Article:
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Horst L. Stormer, professor of physics at Columbia University and co-winner of the 1998 Nobel Prize in physics, will be the keynote speaker April 6 for Portal to New Worlds: Annual Research Exposition at the Ted Constant Convocation Center.

His lecture, "Small Wonders: The World of Nanoscience," will cap a day in the limelight for research being done by faculty and students at Old Dominion and Norfolk State. This will be the first joint research exposition for the universities. It begins at noon.

Stormer, a strong advocate of outreach education in science and engineering, has expertise in nanotechnology, smart materials and biomimetic devices. His lecture, from 5-6:30 in the center's Big Blue Room, will focus on the nanoscale and its potential to shape our technological future.

"Nano" means one billionth, so a nanometer is one-billionth of a meter. One nanometer is just about five to 10 times the size of an atom. The nanoscale reaches from the measure of a few atoms to just about what we can see in a microscope. It is a minute reach, but, for scientists, it represents vast opportunities to measure and manipulate the building blocks of the universe.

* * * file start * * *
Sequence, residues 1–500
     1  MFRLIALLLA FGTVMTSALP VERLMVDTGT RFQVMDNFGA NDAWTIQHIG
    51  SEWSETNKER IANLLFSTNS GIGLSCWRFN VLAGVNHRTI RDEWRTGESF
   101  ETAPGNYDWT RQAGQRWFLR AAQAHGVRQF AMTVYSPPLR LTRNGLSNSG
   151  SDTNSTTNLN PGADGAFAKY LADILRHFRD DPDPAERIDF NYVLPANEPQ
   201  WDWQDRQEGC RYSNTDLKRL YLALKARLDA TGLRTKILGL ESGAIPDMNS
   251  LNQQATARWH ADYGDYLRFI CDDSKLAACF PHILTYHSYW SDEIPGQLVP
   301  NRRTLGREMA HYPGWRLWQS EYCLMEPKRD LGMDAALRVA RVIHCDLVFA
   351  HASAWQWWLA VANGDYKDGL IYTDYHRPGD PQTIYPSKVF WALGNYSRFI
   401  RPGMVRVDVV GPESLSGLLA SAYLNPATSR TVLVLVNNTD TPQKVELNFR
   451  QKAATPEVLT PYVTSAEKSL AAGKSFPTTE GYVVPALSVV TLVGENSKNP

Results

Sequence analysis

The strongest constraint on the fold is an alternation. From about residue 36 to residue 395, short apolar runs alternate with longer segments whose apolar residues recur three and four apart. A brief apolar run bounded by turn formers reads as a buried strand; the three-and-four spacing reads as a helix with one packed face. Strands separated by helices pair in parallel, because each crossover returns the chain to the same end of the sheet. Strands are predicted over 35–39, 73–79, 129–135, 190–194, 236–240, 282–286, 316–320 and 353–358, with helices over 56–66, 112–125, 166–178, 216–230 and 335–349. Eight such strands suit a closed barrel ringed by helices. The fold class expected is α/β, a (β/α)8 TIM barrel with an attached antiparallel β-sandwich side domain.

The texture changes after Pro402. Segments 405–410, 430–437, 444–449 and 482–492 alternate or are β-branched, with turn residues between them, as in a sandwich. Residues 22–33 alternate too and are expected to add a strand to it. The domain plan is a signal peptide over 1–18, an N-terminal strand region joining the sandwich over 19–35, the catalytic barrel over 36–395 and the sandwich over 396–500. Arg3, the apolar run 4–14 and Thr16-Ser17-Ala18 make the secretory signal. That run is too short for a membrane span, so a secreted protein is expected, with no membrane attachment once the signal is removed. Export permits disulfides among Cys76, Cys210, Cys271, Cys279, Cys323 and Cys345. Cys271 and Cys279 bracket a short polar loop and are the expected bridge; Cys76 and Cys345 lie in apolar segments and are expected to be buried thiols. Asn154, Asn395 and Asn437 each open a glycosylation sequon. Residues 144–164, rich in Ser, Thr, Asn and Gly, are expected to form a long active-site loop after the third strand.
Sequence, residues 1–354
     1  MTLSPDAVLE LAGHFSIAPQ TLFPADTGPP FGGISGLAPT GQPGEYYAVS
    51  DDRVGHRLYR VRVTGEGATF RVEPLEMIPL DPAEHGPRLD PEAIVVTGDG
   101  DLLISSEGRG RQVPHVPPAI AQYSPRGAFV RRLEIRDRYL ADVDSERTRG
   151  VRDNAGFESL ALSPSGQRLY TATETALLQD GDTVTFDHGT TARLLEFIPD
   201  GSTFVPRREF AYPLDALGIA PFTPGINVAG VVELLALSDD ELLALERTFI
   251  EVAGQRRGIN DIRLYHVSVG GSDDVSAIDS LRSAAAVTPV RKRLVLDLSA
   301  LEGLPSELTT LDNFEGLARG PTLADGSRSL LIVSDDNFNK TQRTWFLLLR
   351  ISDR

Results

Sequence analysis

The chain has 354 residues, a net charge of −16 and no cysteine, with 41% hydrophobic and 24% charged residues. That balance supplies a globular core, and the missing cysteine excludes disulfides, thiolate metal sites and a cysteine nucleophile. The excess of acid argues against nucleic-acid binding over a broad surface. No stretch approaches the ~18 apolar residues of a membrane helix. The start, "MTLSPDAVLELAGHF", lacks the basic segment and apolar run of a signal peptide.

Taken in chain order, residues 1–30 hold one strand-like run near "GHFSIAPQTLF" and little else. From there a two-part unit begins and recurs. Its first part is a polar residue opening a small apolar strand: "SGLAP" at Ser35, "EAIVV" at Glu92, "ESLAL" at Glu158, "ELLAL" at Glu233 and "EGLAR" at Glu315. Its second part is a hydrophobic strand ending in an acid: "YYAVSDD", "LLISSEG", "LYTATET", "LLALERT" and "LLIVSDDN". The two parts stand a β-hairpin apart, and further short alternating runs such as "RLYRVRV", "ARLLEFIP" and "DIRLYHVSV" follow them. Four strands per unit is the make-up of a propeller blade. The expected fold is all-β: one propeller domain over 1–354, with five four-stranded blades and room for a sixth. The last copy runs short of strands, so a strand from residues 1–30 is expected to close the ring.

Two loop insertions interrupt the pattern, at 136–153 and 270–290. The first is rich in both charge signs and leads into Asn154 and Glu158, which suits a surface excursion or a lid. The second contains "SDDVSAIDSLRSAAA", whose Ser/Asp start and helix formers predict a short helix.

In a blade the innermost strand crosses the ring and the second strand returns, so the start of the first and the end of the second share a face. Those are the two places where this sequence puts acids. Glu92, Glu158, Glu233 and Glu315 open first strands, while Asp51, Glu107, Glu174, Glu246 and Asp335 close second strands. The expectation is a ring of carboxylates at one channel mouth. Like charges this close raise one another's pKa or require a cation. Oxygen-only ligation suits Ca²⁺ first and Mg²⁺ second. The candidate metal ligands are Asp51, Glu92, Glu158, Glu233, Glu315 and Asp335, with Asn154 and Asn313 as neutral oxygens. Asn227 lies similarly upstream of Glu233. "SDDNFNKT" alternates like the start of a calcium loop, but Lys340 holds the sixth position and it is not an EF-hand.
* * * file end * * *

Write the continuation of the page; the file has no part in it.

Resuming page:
Exposition exhibits will explain a wide array of research. Included will be displays about research in popular fields such as culture, business, investing, government and workplace behavior. There also will be exhibits of books and creative works, as well as performances of music and dance that showcase the artistic talent of faculty.

In addition to the displays and demonstrations in the center's arena and lobby, faculty panels will speak in meeting rooms from 12:30-2 p.m. and 2:30-4 p.m. on e-learning, advanced materials, science and engineering in Hampton Roads, and planning in Hampton Roads.

The panelists will include academic, business, industry, government and military representatives. A reception for all participants and exhibitors will be from 4-5 p.m. in the arena, and an awards ceremony with the keynote address will be from 5-6:30 in the Big Blue Room.

Stormer received his Ph.D. in 1977 and a year later became a member of the technical staff of Bell Labs (now of Lucent Technolo-gies) in the U.S. From 1983 to 1992 he headed the labs' semiconductor physics research department and was the director of Bell's Physical Research Laboratory. In 1997, Stormer became adjunct physics vice president at Bell Labs, as well as a professor at Columbia University.

Stormer and two other scientists shared the 1998 Nobel Prize in physics for the discovery of the fractional quantum Hall effect, which advanced the field of quantum mechanics.

This article was posted on: April 5, 2005

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